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New Aproach in Flying Wing

#1
Sorry for bad English

Hi `m designing a wing whit kinda NACA 60212 and elliptical leading edge to make a flying wing, it will have a APM board and almost 1.80m wing span ( 90cm each side central cord within 20cm).

I would like to make a wing for FPV somewhat slow flight , I´m not sure if 15 sweepback is the best for this type of flight.

I hope some one cam help.
desenho asa.JPG
 

Craftydan

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#2
Pualo,

I'm not sure I understand what question you're asking, but I think you're asking about the back-sweep angle on the wing.

Flying wings, as you know are generally built flat, but 0 dihedral gives you no roll stability. Sweeping the wings back in the wing will give you a dihedrial-like effect at a rate of 1 degree of dihedral for every 2-3 degrees for sweep back, so a sweep of 15 degrees equates to 5-7 degrees of dihedral -- a fairly good dihedral for any wing.

It also gives you added pitch control, since your elevons are moved further back from the CG -- the elevator-like behavior on the elevons has a MUCH longer moment arm on the pitch axis, the longer the sweep angle.

Can you live without it? Sure, but you'll end up with a pitchy wing that likes to drift in roll. Will the APM take care of that instability? maybe, but why make the APM work harder, instead of making the plane fly better with-or-without it?

It's easy to make an airframe less stable, but unless you have a VERY good reason for it, don't do it.
 
#3
Very good explanation Crfty Dan! You got the point.

When you mean 15 degrees you are measuring it from the central cord so it will be 60 between both leading edge?

More one point by sweeping back it will make the STOL velocity higher in any reason degree x CL?

Regards.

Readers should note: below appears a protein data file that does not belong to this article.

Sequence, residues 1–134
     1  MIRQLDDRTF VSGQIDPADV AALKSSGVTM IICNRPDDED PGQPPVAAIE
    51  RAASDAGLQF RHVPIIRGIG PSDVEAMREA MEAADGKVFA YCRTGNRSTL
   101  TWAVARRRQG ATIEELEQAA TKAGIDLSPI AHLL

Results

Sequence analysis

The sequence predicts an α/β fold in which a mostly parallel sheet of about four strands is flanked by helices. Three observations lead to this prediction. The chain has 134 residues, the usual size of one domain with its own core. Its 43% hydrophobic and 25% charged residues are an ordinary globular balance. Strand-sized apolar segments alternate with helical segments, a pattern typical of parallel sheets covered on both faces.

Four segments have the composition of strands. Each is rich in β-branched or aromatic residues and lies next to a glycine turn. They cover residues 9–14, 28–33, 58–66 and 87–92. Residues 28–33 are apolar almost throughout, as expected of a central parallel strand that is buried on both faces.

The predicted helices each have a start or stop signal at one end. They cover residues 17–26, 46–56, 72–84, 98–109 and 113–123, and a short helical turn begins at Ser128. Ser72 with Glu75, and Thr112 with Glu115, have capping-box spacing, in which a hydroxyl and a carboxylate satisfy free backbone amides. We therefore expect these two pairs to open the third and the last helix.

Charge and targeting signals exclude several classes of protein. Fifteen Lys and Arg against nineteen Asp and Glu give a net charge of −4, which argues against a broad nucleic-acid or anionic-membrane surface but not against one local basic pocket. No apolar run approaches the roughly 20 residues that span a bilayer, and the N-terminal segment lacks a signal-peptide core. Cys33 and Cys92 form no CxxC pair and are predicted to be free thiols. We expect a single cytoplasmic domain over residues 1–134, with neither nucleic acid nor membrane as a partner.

Craftydan

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#4
Everywhere I've seen sweep defined is "how far back from straight", so 0 degrees would have the wing root and wing tips centered with each other, with any taper between root and tip equal, forward and back. 10 degrees back would be measured on the yaw axis, back along the wings center pitch axis -- 10 degrees back would have the wingtip's center at "(length * SIN(10))" behind the wing root center.

Sweep and stall speed is a complicated relationship. Effectively, the airflow across the wing at slower speeds bounces/drags across the leading edge causing it to flow *both* across the wing -- chordwise --, and along the wing -- spanwise. On a straight wing or a fast swept wing, it flows mainly across and most goes toward producing lift. the spanwise flow that comes at the slower speeds will reduce the lift, raising your stall speed. How much per degree . . . there are equations, but I've never had reason to fool with them, so I don't really know how complicated it really is.

There's also the issue with stalling near the tip -- there's more spanwise flow out at the tips -- adding on an unfriendly stall characteristic to the already higher stall.

You *could* mitigate this by installing wing fences to add drag on the spanwise flow, or washout to ensure the AoA of the tips prevent a stall before the root. Wing fences in general increase drag and can look cool or ugly, depending on taste, and washout only forces the stall speed to occur at the root, not decrease the stall speed. These mostly improve the handling, not as dramatically reduce the stall speed.

The best thing you can do to reduce the stall speed -- reduce the wing loading. keeping your wing loading low will allow you to maintain that 1:1 lift-to-weight with less and less airflow over the wing. Adding weight means you'll have to raise the AoA to maintain altitude at the same speed . . . and eventually your airflow will detach from the wing and into the stall you go.
 

Craftydan

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#8
5cm seems short, but it might be enough.

Just making sure you haven't forgotten about yaw . . . elevons REALLY won't help you there.